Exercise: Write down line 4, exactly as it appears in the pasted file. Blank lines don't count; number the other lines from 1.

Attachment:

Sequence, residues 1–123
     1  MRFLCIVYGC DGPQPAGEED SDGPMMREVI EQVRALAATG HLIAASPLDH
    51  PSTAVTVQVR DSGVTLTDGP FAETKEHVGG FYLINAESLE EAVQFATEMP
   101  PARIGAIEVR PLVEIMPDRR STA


   101  PARIGAIEVR PLVEIMPDRR STA